We Are Not Ourselves

Item Information
Item#: 9781476756677
Author Thomas, Matthew
Cover Paperback
On Hand 0
On Order 0

New York Times100 Notable Books of 2014 *Washington PostTop 50 Fiction List for 2014 *Entertainment WeeklyTen Best Fiction Books of 2014 *Esquire5 Most Important Books of 2014 *Publishers WeeklyBest Books of 2014 * One of Janet Maslin’s Ten Favorite Books of the Year inThe New York Times

The instantNew York TimesbestsellerTheWashington Postcalls a “stunning…superbly rendered” novel, andEntertainment Weeklydescribes as “a gripping family saga, maybe the best…sinceThe Corrections.”

Born in 1941, Eileen Tumulty is raised by her Irish immigrant parents in Woodside, Queens, in an apartment where the mood swings between heartbreak and hilarity, depending on how much alcohol has been consumed. From an early age, Eileen wished that she lived somewhere else. She sets her sights on upper class Bronxville, New York, and an American Dream is born.

Driven by this longing, Eileen places her stock and love in Ed Leary, a handsome young scientist, and with him begins a family. Over the years Eileen encourages her husband to want more: a better job, better friends, a better house. It slowly becomes clear that his growing reluctance is part of a deeper, more incomprehensive psychological shift. An inescapable darkness enters their lives, and Eileen and Ed and their son Connell try desperately to hold together a semblance of the reality they have known, and to preserve, against long odds, an idea they have cherished of the future.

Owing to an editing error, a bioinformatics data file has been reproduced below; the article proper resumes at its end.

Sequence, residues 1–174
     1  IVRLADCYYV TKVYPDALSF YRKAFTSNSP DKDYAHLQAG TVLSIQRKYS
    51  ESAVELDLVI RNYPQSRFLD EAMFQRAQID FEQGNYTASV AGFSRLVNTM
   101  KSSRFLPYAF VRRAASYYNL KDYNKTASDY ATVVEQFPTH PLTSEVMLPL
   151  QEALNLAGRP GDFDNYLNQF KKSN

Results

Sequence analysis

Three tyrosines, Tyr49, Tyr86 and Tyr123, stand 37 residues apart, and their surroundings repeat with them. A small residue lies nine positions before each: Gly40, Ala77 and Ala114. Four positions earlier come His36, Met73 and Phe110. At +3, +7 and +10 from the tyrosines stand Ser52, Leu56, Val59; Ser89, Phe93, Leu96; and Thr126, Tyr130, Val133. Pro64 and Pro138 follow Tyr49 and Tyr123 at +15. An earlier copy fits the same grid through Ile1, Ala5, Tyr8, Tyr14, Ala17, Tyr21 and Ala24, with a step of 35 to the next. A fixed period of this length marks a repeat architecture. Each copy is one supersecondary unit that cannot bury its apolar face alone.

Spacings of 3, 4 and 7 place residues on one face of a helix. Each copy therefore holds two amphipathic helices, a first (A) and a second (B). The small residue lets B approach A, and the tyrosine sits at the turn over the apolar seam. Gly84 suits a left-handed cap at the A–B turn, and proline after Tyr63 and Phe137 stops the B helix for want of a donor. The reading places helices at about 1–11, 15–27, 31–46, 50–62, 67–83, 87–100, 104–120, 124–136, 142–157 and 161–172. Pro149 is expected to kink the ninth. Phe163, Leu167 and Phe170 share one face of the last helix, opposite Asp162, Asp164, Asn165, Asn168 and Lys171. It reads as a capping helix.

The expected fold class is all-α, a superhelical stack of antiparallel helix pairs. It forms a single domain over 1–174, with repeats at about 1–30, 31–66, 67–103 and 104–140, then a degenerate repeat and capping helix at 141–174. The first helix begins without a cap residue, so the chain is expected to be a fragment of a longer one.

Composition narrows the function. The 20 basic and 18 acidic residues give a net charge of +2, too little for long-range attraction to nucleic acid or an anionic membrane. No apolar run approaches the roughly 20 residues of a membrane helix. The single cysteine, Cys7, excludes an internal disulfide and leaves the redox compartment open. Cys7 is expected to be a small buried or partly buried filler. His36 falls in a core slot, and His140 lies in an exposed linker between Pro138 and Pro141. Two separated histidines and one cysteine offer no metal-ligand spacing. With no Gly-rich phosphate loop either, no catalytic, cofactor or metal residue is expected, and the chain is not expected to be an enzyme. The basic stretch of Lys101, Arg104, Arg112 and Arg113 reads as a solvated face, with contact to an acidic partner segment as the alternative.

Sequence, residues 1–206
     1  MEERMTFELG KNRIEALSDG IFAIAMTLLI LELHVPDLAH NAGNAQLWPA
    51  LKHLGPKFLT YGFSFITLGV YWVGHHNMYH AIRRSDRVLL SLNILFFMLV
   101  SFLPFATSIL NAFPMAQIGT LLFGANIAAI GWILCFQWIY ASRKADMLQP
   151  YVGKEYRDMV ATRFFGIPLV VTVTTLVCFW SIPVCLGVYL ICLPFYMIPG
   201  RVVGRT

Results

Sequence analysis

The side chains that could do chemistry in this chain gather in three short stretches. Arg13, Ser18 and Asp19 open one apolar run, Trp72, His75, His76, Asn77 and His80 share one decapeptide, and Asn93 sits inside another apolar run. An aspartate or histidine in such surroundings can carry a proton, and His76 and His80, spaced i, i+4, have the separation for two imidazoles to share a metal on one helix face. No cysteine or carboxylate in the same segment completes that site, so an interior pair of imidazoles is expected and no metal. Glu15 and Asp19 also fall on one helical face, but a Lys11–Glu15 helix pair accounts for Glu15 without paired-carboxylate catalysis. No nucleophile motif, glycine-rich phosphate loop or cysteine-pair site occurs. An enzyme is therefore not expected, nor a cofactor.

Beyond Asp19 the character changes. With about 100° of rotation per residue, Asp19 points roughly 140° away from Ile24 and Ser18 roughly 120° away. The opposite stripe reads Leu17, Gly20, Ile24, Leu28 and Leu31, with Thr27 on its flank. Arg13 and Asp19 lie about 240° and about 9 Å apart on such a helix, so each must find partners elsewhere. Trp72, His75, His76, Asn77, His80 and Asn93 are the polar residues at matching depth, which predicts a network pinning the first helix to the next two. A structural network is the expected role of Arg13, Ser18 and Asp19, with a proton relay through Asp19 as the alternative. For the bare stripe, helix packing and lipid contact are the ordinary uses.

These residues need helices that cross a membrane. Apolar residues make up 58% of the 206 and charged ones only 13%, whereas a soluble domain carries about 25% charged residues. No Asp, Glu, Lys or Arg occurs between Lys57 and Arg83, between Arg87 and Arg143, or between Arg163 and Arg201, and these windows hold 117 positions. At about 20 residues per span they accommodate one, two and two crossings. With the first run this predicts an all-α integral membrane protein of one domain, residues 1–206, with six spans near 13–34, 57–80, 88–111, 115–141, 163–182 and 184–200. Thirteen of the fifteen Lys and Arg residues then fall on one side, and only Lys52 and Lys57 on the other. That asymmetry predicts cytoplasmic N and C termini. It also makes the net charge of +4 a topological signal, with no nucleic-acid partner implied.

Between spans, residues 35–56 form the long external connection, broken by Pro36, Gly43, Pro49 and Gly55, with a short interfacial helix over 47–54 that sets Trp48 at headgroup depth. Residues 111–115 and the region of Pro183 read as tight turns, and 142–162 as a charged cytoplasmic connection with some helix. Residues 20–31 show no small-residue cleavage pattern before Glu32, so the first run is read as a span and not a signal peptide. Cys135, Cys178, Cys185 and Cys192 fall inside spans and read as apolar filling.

Described byThe New York Times Book Reviewas “A long, gorgeous epic, full of love and caring…one of the best novels you’ll read this year,”We Are Not Ourselvesis a testament to our greatest desires and our greatest frailties. Through the lives of these characters, Thomas charts the story of the American Century. The result is, “stunning…The joys of this book are the joys of any classic work of literature—for that is what this is destined to become—superbly rendered small moments that capture both an individual life and the universality of that person’s experience” (The Washington Post).